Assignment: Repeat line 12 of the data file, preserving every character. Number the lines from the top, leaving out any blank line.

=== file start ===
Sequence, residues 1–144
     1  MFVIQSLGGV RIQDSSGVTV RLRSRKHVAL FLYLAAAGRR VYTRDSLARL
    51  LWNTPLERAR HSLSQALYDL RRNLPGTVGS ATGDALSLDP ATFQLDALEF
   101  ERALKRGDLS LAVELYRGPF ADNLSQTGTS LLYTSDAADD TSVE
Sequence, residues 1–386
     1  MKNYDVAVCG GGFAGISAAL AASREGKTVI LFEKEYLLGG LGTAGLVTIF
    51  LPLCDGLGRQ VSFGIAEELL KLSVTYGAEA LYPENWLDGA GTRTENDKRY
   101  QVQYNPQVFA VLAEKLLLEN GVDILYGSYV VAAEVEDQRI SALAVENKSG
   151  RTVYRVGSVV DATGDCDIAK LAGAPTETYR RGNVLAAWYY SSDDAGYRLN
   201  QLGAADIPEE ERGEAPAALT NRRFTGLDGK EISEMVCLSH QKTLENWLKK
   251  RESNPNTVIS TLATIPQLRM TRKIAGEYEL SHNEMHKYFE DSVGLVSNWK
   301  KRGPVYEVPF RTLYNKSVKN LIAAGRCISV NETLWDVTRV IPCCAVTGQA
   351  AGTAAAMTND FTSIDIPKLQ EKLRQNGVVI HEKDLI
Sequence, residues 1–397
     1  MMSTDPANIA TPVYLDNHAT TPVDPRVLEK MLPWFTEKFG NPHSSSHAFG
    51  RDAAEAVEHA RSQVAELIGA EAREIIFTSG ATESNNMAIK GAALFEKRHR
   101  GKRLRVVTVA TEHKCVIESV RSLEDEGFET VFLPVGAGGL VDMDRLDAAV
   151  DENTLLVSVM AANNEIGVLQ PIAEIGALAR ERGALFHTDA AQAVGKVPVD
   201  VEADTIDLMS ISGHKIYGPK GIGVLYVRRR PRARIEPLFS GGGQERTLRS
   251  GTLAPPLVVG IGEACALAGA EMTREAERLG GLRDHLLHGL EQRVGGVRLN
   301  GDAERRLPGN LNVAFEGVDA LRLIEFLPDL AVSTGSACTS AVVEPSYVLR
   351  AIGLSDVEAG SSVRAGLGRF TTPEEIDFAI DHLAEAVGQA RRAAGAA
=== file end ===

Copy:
   301  KRGPVYEVPF RTLYNKSVKN LIAAGRCISV NETLWDVTRV IPCCAVTGQA